Nvidia reduced its fourth quarter earnings projection Tuesday and announced a revised revenue forecast of $950 million, down from its original expectation of approximately $1.07 billion provided on November 1.
The lower-than-expected earnings would stem from global disk-drive shortages caused from October’s Thailand floods, which have "had more impact on the mainstream GPU segment than anticipated," the chip maker said in a statement. Fewer PC shipments from OEMs, resulting from high disk-drive prices caused by the shortage, may have led to a lighter demand for its notebook and desktop GPUs, according to the company.
Nvidia also said that its Tegra 2 mobile chips saw a rapid drop in sales. Smartphones and tablets featuring its next-generation Tegra 3 mobile processors, said to deliver up to 3x the graphics performance and 61 percent lower power consumption than their predecessors, are set to launch in the first quarter of this year.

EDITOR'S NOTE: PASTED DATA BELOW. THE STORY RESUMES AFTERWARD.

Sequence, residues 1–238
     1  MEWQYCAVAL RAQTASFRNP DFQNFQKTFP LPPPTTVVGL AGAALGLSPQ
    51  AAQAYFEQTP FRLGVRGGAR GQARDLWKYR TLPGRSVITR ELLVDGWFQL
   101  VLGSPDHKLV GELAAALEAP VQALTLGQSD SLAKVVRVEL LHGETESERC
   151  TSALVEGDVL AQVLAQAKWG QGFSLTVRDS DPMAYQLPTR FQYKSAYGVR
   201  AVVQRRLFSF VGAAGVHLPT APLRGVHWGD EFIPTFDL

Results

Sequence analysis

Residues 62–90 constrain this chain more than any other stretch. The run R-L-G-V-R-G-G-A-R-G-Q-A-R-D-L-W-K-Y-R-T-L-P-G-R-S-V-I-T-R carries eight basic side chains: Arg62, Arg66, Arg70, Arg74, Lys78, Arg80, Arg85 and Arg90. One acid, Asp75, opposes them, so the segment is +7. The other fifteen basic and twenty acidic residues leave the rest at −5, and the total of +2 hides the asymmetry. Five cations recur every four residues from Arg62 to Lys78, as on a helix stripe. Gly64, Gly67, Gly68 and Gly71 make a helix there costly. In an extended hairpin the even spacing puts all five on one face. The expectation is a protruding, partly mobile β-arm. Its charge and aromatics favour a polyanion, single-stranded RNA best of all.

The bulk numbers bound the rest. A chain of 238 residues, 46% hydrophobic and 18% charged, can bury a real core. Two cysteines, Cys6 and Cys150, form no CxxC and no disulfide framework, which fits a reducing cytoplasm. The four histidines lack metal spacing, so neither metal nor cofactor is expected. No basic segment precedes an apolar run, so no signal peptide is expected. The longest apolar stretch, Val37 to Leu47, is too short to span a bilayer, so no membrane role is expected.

During its third quarter earnings call in November, Nvidia attributed much of its financial growth to its Tegra 3 release. “With Tegra 3 phone wins well ahead of Tegra 2's pace, we're expecting strong growth in the year ahead," said Nvidia president and chief executive, Jen-Hsun Huang.
At the end of the third quarter, the company quarterly revenue was $1.07 billion, up 4.9 percent from last quarter’s revenue of $1.02 billion.
Nvidia’s announcement comes on the heels of its rival chip maker AMD reporting a net loss of $177 million in its fourth quarter earnings. Much of the loss, AMD said, can be attributed to its investments in its partner foundry business GlobalFoundries but like Nvidia, lower-than-expected GPU sales were also listed as a pain point.
Nvidia declined to comment further on its reduced fourth quarter forecast; its official fourth quarter earnings call is scheduled for February 15.